Brewed For Battle: Blind IPA Taste Test

Categories: Brew Review

Jonathan McNamara
A blind IPA taste test? Let's hop to it!
At what point does one elevate from merely drinking beer to being a full-on beer snob? Answer: when you feel compelled to tell other people what to drink. And the inevitable result of this peculiar ailment is the beer argument.

In the spirit of all great beer-related discussions, we present Brewed For Battle; a new series of Chow Bella blog posts that pits a selection of brews from a given style up against each other and lets the taste buds of one layman battle them out. Multiple beers go in. One beer comes out the victor.

This week's battle: Local American IPA

The weekly denizens of Brewed for Battle are in sudsy, booze-soaked heaven, for we're smack in the middle of Arizona Beer Week. For several days we've been tipping back the best brews our fair state has to offer, so we thought we'd continue the trend with a tasting of local examples of that favorite of beer styles: the IPA.

We've talked IPA before, but here's a quick history: the style, known full-length as India Pale Ale, developed out of British necessity to provide their boys on the ground in India with beer that didn't go bad during the long boat voyage from back home. They stuffed the brews full of hops, which both acted as a preservative as lent the drinks a nice bitter kick.

While English IPAs tend to be a balance of malt and hops, U.S. versions land decidedly on the hoppy side of the teeter totter. American-grown hop varieties give these beers intense flavors that range from citrus to grass to pine trees to flowers, with biting bitterness to match.

For this week's battle, we've spiced up this playground by making the tasting completely blind. Thanks to a neutral pourer, none of us knew which beer we were drinking at any given time. These local IPAs were judged simply on their merits as beer alone -- which is really how any beer should be evaluated.

Jonathan McNamara
Zach Fowle follows his nose.
Zach's Pick: Lumberyard IPA
I first tried Lumberyard's IPA at the end of a long night on Mill, and the first sip was an epiphany. My tongue was awash in flavors of bright pine, dank weed, lemon, lime, orange peel and honey-covered biscuits. It was so fantastic I wanted to shower in it. Beer judges at the Great American Beer Festival and the World Beer Cup must have had a similar experience -- they gave the beer a bronze medal at both in 2010.

Rankings: Lumberyard, HopShock, Hop Knot

Jonathan's Pick: SanTan HopShock
I grasped ahold of SanTan's HopShock; the only brew at the blind taste test in a can. HopShock has a more balanced feel than the other two beers. There is some hops here, but not too much. Frankly, I could use a bit more. There is also a malty taste that rounds the whole brew out.

Ultimately, the HopSock was no match for the overabundant hoppiness of the Lumberyard. Freshly-cut grass is what I'm looking for in my IPA. Lumberyard delivers by the Hefty bag.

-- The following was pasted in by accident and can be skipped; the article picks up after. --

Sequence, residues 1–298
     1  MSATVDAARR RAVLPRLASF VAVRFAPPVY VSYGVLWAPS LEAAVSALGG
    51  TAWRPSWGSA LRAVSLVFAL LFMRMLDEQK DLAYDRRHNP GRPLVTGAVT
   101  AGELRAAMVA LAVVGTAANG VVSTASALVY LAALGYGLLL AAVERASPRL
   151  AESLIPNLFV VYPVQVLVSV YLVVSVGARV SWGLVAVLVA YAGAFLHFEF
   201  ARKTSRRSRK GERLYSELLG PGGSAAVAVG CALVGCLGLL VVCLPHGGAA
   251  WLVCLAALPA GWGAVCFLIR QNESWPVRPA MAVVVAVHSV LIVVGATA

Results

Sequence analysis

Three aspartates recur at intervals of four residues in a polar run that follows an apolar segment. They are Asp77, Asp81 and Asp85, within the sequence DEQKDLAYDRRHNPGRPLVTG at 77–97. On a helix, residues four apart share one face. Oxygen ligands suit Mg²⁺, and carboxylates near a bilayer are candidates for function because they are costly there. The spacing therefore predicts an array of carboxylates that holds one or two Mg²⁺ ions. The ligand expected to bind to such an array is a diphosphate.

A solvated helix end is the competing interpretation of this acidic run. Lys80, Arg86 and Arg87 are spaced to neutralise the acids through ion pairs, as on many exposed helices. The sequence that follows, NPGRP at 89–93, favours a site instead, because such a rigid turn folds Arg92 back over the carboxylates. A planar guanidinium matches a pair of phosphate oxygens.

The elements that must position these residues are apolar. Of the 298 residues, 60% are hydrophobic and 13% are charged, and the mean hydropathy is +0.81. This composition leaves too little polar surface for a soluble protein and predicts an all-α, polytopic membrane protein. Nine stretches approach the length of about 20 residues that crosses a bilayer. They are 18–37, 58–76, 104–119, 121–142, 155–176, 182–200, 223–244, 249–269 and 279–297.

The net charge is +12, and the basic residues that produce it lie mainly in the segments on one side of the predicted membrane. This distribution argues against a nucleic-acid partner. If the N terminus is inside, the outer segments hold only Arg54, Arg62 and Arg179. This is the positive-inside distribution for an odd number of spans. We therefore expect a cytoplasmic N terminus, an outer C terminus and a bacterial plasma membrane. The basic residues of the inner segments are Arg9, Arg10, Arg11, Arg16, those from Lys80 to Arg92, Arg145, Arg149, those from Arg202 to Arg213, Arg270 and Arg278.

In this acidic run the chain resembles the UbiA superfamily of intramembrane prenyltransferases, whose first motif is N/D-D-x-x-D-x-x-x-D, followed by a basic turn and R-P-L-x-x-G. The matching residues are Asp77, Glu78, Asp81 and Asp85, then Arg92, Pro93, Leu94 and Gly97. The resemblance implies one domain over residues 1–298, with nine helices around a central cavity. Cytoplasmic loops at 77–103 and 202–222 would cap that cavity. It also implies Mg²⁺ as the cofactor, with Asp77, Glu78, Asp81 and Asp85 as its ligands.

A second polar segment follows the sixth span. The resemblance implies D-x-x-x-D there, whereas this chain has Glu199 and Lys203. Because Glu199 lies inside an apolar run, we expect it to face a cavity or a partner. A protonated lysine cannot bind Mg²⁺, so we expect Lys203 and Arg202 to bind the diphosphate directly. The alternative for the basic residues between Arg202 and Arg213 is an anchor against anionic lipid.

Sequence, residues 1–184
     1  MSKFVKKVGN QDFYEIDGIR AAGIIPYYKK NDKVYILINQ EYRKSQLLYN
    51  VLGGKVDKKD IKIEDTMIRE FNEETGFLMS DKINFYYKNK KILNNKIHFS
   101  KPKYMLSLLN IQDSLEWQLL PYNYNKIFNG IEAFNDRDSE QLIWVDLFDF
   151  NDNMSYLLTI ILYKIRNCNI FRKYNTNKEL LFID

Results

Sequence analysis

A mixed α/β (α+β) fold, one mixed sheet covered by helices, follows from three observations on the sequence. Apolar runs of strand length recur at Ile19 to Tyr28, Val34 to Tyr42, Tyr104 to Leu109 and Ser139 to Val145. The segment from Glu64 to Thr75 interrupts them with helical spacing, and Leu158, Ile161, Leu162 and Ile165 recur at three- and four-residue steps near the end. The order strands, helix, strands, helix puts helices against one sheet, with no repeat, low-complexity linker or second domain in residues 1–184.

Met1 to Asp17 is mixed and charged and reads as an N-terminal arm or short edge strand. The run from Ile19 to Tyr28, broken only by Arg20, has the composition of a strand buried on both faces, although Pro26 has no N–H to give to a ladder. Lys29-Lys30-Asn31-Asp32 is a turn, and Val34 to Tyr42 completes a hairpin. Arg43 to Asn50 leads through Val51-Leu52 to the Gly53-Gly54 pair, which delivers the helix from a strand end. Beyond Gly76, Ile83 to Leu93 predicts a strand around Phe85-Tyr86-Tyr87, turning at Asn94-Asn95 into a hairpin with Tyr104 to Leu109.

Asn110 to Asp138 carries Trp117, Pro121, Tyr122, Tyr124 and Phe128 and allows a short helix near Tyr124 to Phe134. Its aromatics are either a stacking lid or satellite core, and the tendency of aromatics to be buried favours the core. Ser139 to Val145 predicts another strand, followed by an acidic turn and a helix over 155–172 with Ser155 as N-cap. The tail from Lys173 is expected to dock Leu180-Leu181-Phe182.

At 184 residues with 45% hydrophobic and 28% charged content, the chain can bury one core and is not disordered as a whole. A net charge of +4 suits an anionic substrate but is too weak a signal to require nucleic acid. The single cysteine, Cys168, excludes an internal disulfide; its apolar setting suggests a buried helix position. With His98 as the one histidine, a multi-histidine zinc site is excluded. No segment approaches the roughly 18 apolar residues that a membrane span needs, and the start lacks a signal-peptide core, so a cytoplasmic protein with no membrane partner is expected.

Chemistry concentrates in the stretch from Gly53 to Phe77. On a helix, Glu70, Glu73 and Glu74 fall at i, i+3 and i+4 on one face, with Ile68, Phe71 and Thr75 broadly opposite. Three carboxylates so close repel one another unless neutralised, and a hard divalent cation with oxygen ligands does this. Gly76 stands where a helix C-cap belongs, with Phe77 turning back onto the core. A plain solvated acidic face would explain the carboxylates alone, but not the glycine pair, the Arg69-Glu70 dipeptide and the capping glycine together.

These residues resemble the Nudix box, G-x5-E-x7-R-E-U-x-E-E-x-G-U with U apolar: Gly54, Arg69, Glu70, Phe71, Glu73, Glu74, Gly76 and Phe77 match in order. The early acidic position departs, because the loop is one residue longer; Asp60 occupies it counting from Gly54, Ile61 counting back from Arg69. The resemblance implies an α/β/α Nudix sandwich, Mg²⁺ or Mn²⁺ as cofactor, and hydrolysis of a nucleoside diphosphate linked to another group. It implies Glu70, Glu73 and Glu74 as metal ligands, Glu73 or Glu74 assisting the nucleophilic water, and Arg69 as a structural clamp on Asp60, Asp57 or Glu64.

Rankings: Lumberyard, HopShock, Hop Knot

Shannon's Pick: Four Peaks Hop Knot
Full disclosure --- This particular bottle of Hop Knot came out of Four Peaks beer rep Jon's fridge. How long it had been in there, we will never know. I do know that beer doesn't last long around that man so it couldn't have been too long. Four Peaks shoves 7 different kinds of hops into a batch of Hop Knot and the result is a clean, crisp American IPA. Due to a process known as Dry-Hopping , the slightly overwhelming floral aroma doesn't carry over to the taste leaving you with a perfectly balanced beer that you can consume by the growler.

Rankings: Hop Knot, Lumberyard, and HopShock.

The Lumberyard and the Hop Knot were so close in taste I actually couldn't pick out which one was the Hop Knot, not that I was looking for it, but I drink it quite frequently and thought for sure I could.My first pick, which ended up being Hop Knot, had a small amount of sweetness in the aftertaste compared to my second choice, Lumberyard, which was slightly more bitter. The Hop Shock was good but was lacking in the hops department.

The Winner: With first place votes from both Zach and Jonathan, the hoppy little underdog from Flagstaff known as Lumberyard IPA proved to be the hero of the day. Shannon gave her first place spot to Hop Knot, but both the other tasters marked it as their least favorite against such strong contenders.

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These are 3 pretty dissimilar IPAsHop Shock uses CTZ high alpha hops and for my money is overly bitter for the style and there is very little hop flavor or aroma payoff. It's not malty and "big" enough for a IIPA falling a few points below the ABV threshold for the style. I think they did a nicer job with their Devil's Ale which hits the lower end of the ABV and IBU for an IPA and probably the better beer to compare with Hop Knot.

Four Peaks uses Cascade, Glacier, Magnum, Liberty, Simcoe and has far more aroma and flavor than Hop Shock but is on the lower end of the IBU scale and ABV. The Cascade and Simcoe come off "catty" which is good if you like those kind of American Hops. It's not everyone's cup of tea, though and that's why they have Raj which uses English hops- Fuggles and Goldings.

Which brings us to Lumberyard, a beer I am less familiar with in terms of brewer's intent. I believe they use a blend of American and English hops and deserving of the accolades that were written here.

As an aside, using a beer that has questionable age (especially for an IPA) is inexcusable. A beer in a beer rep's fridge could be bound for a lab analysis for all you know. It's interesting to me that in one editorial we hear about Four Peaks ubiquity and in another we can't be troubled to get a proper bottle. I think it's time for Editorial cohesion.

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